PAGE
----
Dictionary: MIND-ED – MIN'ER-AL-IZ-ING

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Disposed; inclined. If men were minded to live virtuously. – Tillotson. Joseph was minded to put her away privily. – Matth. i. Minded is much used in composition; as, high-minded; low-minded; feeble-minded; sober-minded; double-minded.


Disposition; inclination toward any thing; as, heavenly mindedness. – Milner.


Filling the mind. – Mitford.


Attentive; regarding with care; bearing in mind; heedful; observant. I promise to be mindful of your admonitions. – Hammond. What is man, that thou art mindful of him? – Ps. vii.


Attentively; heedfully.


Attention; regard; heedfulness.



MIND-ING, ppr.

Regarding; heeding.


  1. Inattentive; heedless; forgetful; negligent; careless. Cursed Athens, mindless of thy worth. – Shak.
  2. Not endued with mind or intellectual powers; as, mindless bodies. – Davies.
  3. Stupid; unthinking; as, a mindless slave. – Shak.


Moved; affected in mind. [Not used.] – Sidney.

MINE, a. [called sometimes a pronominal adj. Sax. min; Sw. and Dan. min; Goth. miens; Fr. mon; D. myn; G. mein, contracted from migen; for me, in Gothic is mik, Dan. mig, G. mich. The L. meus, and Russ. moi, are also contracted.]

My; belonging to me. It was formerly used before nouns beginning with vowels. “I kept myself from mine iniquity.” Ps. xviii. But this use is no longer retained. We now use my before a vowel as well as before an articulation; as, my iniquity. In present usage, my always precedes the noun, and mine follows the noun, and usually the verb; as, this is my book; this book is mine; it is called my book; the book is called mine; it is acknowledged to be mine. Mine sometimes supplies the place of a noun. Your sword and mine are different in construction.

MINE, n. [Fr. mine, a mine or ore, whence mineral; It. mina, miniera; Sp. mina, a mine, a conduit, a subterraneous canal, a spring or source of water; Port. id.; Ir. men, mianach; Dan. and G. mine; Sw. mina; D. myn; W. mwn, whence mwnai, money; Arm. min. The radical signification is not obvious.]

  1. A pit or excavation in the earth, from which metallic ores, mineral substances and other fossil bodies are taken by digging. The pits from which stones only are taken, are called quarries.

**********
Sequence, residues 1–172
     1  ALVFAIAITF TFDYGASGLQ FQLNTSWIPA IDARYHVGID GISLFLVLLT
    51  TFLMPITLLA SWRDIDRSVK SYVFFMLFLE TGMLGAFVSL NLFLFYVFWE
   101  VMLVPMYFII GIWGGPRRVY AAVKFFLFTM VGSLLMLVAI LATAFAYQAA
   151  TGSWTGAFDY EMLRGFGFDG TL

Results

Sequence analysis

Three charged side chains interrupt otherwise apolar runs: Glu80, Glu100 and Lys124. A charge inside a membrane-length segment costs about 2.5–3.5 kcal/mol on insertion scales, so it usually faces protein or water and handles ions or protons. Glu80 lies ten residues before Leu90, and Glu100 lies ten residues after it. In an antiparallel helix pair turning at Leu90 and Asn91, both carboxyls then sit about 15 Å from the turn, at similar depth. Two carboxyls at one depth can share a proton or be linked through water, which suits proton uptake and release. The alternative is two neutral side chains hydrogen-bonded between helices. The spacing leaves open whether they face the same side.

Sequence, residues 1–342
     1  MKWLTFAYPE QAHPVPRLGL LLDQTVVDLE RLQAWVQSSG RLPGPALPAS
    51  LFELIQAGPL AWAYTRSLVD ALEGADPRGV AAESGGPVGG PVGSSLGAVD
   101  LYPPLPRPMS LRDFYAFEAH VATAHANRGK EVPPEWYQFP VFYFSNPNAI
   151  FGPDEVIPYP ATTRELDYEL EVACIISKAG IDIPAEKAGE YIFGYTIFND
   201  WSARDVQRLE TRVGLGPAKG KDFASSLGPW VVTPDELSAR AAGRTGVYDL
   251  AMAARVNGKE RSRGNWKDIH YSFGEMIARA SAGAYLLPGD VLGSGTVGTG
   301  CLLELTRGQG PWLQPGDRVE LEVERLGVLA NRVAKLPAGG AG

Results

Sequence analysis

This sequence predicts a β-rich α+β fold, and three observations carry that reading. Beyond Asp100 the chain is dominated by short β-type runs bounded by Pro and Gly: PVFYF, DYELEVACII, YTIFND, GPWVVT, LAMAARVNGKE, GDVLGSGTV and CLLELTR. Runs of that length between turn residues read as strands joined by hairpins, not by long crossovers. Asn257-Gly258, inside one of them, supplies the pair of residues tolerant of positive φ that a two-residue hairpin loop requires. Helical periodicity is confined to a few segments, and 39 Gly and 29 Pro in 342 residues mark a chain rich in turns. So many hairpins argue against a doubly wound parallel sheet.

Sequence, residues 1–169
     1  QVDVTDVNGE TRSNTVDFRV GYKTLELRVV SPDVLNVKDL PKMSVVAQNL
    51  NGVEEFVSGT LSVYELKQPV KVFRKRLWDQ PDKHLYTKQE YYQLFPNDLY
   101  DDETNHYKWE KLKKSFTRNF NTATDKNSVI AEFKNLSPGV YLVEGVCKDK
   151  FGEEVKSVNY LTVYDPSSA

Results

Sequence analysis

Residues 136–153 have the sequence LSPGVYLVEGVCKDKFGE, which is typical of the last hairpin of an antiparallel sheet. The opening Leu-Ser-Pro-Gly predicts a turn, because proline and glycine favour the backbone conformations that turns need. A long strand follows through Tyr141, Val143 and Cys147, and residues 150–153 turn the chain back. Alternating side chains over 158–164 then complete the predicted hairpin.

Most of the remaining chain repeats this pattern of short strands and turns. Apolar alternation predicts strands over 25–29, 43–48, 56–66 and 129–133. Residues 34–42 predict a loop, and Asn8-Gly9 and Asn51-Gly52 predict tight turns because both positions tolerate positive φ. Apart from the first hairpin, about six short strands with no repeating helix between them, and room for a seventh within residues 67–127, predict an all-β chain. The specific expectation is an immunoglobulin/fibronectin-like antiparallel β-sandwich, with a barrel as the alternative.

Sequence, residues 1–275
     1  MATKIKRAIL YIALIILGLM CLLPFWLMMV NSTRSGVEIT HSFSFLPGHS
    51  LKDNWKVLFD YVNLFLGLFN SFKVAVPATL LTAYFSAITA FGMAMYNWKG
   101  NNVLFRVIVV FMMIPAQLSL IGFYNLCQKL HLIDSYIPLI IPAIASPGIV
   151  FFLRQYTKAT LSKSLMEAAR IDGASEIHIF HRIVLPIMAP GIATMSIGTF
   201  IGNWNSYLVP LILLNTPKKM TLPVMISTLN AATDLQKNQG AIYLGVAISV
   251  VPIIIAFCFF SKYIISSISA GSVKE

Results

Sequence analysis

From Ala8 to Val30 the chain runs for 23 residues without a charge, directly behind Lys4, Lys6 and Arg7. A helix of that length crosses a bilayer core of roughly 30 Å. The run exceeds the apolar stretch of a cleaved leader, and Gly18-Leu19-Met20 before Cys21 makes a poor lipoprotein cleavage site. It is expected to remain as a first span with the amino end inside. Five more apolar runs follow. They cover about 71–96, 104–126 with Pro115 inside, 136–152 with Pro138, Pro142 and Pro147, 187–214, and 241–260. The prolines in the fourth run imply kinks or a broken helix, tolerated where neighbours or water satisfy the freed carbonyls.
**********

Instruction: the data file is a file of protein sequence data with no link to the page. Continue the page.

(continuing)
2. In the military art, a subterraneous canal or passage dug under the wall or rampart of a fortification, where a quantity of powder may be lodged for blowing up the works.
  3. A rich source of wealth or other good.

MINE, v.i.

  1. To dig a mine or pit in the earth. Woodward.
  2. To form a subterraneous canal or hole by scratching; to form a burrow or lodge in the earth, as animals; as, the mining coney. – Wotton.
  3. To practice secret means of injury.

MINE, v.t.

To sap; to undermine; to dig away or otherwise remove the substratum or foundation; hence, to ruin or destroy by slow degrees or secret means. They mined the walls. – Hayward. In a metaphorical sense, undermine is generally used.


One that digs mines.

MIN-ER, n.

  1. One that digs for metals and other fossils.
  2. One who digs canals or passages under the walls of a fort, &c. Armies have sappers and miners.


  1. Pertaining to minerals; consisting of fossil substances; as, the mineral kingdom.
  2. Impregnated with minerals or fossil matter; as, mineral waters; a mineral spring.

MIN'ER-AL, n. [Fr. and Sp. mineral; Low L. minera, a matrix or vein of metals, whence mineralia; all from mine.]

A body destitute of organization, and which naturally exists within the earth or at its surface. – Cleaveland. Minerals were formerly divided into salts, earths, inflammables and ores; a division which serves for a general distribution: but a more scientific arrangement into classes, orders, genera, species, subspecies and varieties, has been adopted to meet the more precise views of modern mineralogists.


One versed or employed in minerals.

MIN-ER-AL-I-ZA'TION, n. [See Mineralize.]

  1. The process of forming an ore by combination with another substance; the natural operation of uniting a metallic substance with another.
  2. The process of converting into a mineral, as a bone or a plant.
  3. The act of impregnating with a mineral, as water.

MIN'ER-AL-IZE, v.t. [from mineral.]

  1. In mineralogy, to combine with a metal in forming an ore or mineral. Sulphur mineralizes many of the metals.
  2. To convert into a mineral. In these caverns, the bones are not mineralized. – Buckland.
  3. To impregnate with a mineral substance; as, to mineralize water.


  1. Deprived of its usual properties by being combined with another substance or formed into an ore; as, metallic substances are mineralized.
  2. Converted into a mineral.
  3. Impregnated with a mineral.


A substance which mineralizes another or combines with it in an ore, and thus deprives it of its usual and peculiar properties. Sulphur is one of the most common mineralizers. – Nicholson.


Adapted to combine with a metal in forming an ore.


Combining with a metal and forming an ore.